Woman impaled by venomous stingray while wading at beach was 'certain I was going to die'
Kristie O'Brien had been wading through the shallow waters at Bahia Beach, near Tampa, when she was skewered by the little sea creature. The wound was four inches dead and missed her lung by centimetres
A woman was left "certain" she was going to die, after getting stung by a stingray while on a leisurely trip to the beach.
Kristie O'Brien was wading through knee deep water at Bahia Beach near Tampa, Florida, when she was impaled by being stabbed in the back by the Southern stingray. The venomous spine went four inches deep and missed her lung by centimetres.
She told FOX 13: "I was trying to stay as calm as I could. But I was certain that I was going to die because, I mean, like everyone has like this picture of Steve Irwin when he literally was punctured in his chest."
The famous conservationist and television personality Irwin, known as The Crocodile Hunter, died after being stung in the heart by a stingray barb while filming in the Great Barrier Reef, Australia.
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Ms O'Brien was stuck in hospital for days after her run in with a stingray. Describing the moment she was stung, she said: "As soon as I hit the water, I felt like I had been stung by something." She said it was her husband who first saw the stingray hanging off of her. She knew enough to not pull the stingray barb out herself, which is the advice in case parts of it break off inside the wound.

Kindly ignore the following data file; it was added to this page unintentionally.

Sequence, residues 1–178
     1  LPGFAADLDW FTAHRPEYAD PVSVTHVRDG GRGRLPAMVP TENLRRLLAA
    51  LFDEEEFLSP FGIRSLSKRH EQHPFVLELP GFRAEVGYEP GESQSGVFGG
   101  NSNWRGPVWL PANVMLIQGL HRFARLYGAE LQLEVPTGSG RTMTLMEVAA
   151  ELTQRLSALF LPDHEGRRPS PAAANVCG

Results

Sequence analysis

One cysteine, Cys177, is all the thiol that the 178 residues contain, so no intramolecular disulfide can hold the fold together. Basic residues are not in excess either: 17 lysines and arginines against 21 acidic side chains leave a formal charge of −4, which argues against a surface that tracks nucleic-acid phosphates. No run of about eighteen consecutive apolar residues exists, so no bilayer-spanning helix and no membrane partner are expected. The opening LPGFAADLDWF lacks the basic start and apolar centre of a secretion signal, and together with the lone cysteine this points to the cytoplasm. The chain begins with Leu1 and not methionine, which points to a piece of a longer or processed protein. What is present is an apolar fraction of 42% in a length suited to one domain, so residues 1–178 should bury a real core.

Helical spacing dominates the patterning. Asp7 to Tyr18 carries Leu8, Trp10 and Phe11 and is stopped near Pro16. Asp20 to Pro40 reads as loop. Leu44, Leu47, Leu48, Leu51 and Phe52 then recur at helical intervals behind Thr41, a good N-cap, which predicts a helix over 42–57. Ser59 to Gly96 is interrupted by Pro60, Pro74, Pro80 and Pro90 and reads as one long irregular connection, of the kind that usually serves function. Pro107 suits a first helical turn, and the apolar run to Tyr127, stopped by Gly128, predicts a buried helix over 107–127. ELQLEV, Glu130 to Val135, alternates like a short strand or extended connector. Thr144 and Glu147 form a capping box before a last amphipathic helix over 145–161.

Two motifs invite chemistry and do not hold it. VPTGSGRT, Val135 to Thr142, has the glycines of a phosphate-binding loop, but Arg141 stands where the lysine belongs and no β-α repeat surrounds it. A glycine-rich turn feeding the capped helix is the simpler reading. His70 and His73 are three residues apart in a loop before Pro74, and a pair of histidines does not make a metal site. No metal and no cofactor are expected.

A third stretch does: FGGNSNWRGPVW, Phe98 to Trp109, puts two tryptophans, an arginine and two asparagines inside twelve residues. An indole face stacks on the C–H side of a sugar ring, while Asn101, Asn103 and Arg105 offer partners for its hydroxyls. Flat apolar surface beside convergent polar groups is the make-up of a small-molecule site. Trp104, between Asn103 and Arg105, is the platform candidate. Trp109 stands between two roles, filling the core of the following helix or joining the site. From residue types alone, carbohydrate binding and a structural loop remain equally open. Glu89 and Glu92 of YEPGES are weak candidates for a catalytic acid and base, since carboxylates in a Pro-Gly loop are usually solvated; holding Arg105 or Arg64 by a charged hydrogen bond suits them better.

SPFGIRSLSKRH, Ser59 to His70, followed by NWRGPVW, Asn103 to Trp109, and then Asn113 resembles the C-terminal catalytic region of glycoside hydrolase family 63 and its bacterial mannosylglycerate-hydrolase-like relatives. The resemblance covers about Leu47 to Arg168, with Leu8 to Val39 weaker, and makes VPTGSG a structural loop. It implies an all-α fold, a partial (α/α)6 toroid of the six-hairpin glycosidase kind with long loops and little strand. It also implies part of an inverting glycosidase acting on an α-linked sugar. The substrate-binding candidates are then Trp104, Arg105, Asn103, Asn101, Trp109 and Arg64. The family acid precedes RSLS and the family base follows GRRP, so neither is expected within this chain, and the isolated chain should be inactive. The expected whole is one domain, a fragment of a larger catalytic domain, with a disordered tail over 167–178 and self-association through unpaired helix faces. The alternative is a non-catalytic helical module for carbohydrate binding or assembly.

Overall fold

Instead paramedics cut the stingray tail off and the spine was removed after she got to the hospital. She had to stay for multiple days due to treatment for the possible poisoning.
"It's still incredibly sore there," she said of her wound. "It's like spurts of pain. And they say that's just because of the toxin that's actually in the barb of the stingray itself."
According to the Florida Fish and Wildlife Conservation Commission: "Non-aggressive species that scavenge the surf zone for food. Because southern stingrays share this zone with humans, occasionally, a human might step on them and possibly get injured by a sharp, serrated spine attached at the base of the tail. This venomous spine is used for defence only and can be regrown if removed. Avoid handling stingrays and use caution while wading in shallow water (do the “stingray shuffle”).
Rather than being a hip new dance, the 'stingray shuffle' is when walking in water, you shuffle your feet along the bottom so the usually docile stingrays will feel the vibrations and have a chance to flee.
Ms O'Brien added that she hasn't been put off by the incident and she's already planning to get back into the water. She said: "I'll go back in the water again, probably not in the bay. I probably won't be swimming in the bay. But I mean, stingrays are out there, and we're in their environment."
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